From gloves and gowns to 3D-printed face shields, Branksome makes a difference
Launching “Virtual Branksome,” the school’s first-ever distance-learning program, was only one item on Branksome Hall’s “to do” list last week.
Thanks to efforts from our facilities team, health centre, faculty and staff, the Michael Garron Hospital Foundation also received our shipment of more than 20 boxes of gloves, masks and disposable isolation gowns. These were collected in support of its one-week community drive for personal protective equipment (PPE) for frontline healthcare workers. Facilities Manager Dejnis Hysenaj delivered the supplies to the drop-off depot at Michael Garron Hospital on Friday, March 27.
“During a week when we have launched a virtual school, it is wonderful to also be making a difference beyond our walls in the broader community,” says Head, Talent Management, Patricia DiNicolantonio, who coordinated the drive.
Others involved included facilities director Janet Pehlivanyan, science teachers Deepa Raj and Julia White, art teacher Sam Koscec, school nurse Sage Kavander and boarding staff Kianna Samuel-George.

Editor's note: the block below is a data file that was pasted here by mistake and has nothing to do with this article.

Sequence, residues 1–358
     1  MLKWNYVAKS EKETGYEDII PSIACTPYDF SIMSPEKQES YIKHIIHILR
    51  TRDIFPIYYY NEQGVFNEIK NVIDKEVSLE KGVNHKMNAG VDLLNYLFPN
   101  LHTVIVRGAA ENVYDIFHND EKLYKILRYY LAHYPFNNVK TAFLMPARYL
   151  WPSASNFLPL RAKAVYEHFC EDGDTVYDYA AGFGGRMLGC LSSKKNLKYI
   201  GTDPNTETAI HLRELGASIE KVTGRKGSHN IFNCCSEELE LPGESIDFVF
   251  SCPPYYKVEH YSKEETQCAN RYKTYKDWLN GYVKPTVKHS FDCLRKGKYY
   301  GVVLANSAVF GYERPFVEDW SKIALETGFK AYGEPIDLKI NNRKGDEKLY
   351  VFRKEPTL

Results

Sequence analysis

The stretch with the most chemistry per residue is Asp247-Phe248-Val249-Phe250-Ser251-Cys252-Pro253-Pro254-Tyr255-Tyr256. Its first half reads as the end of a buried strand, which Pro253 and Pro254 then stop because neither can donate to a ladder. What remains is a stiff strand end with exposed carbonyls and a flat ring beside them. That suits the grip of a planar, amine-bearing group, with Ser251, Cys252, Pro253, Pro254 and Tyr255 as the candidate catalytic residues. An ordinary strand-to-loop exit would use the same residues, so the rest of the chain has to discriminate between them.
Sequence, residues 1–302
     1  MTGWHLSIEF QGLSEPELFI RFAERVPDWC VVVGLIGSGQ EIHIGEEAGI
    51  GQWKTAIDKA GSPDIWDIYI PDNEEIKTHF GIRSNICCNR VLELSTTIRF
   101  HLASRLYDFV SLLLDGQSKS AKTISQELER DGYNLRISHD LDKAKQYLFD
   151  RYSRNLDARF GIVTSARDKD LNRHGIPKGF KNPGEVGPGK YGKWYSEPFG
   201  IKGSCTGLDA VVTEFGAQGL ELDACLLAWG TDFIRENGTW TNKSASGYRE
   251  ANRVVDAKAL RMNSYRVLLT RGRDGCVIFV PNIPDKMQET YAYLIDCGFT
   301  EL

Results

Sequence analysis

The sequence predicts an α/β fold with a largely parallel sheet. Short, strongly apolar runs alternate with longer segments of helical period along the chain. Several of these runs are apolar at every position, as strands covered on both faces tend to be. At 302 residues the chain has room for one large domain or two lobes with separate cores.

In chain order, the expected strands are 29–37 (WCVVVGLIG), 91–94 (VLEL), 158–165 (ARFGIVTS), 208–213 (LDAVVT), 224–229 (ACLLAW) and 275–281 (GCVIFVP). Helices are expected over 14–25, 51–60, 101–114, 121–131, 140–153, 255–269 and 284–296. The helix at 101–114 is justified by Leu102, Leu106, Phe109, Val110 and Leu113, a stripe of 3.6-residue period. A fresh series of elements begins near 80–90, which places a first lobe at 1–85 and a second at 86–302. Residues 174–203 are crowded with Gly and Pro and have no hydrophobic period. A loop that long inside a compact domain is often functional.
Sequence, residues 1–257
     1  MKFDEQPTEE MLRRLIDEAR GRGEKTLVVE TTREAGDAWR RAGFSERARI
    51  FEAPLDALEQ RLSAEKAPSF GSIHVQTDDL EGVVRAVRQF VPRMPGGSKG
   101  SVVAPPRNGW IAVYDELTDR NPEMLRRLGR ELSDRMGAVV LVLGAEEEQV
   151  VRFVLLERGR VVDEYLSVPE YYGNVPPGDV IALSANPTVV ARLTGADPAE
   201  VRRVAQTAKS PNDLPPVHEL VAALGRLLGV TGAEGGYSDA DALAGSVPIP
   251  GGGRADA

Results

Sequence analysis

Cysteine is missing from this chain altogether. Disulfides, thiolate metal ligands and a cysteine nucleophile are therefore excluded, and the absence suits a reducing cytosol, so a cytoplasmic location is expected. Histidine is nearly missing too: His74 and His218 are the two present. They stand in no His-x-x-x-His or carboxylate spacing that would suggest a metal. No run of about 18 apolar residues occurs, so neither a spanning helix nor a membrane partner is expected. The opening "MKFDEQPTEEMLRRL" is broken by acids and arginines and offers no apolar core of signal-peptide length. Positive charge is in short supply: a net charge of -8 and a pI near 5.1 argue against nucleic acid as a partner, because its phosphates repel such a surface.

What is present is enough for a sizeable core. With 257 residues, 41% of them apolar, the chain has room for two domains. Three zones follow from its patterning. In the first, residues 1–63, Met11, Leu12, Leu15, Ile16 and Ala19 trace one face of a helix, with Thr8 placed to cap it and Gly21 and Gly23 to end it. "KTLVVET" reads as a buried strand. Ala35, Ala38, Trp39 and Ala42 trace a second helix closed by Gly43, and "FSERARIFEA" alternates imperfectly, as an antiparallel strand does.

Now, with a surge of patients still expected, the call for PPE also includes a request that community members with 3D printers use a blueprint provided on the PPE Drive website to manufacture and deliver visors for protective face shields.
The call isn’t that unusual, explains Meera Balendran, STEAM technologist for the Middle and Senior Division, who is working with Donn Pasiliao, Technology Experience Designer and Coordinator, to coordinate Branksome’s contribution to the effort. The two are arranging to pick up the two 3D printers from the iHub at the Middle School, and then will work from home on an inventory Pasiliao expects could be “significant,” using just a prescribed kind of common household plastic.
“The great thing about 3D printing is that the sky’s the limit in terms of what you can produce,” explains Balendran. “You can start with nothing and create something. Hospitals are even using them to have prosthetic limbs printed on site.”
The duo is also reaching out to students who may have a 3D printer at home, in order to coordinate additional efforts on behalf of the hospital network.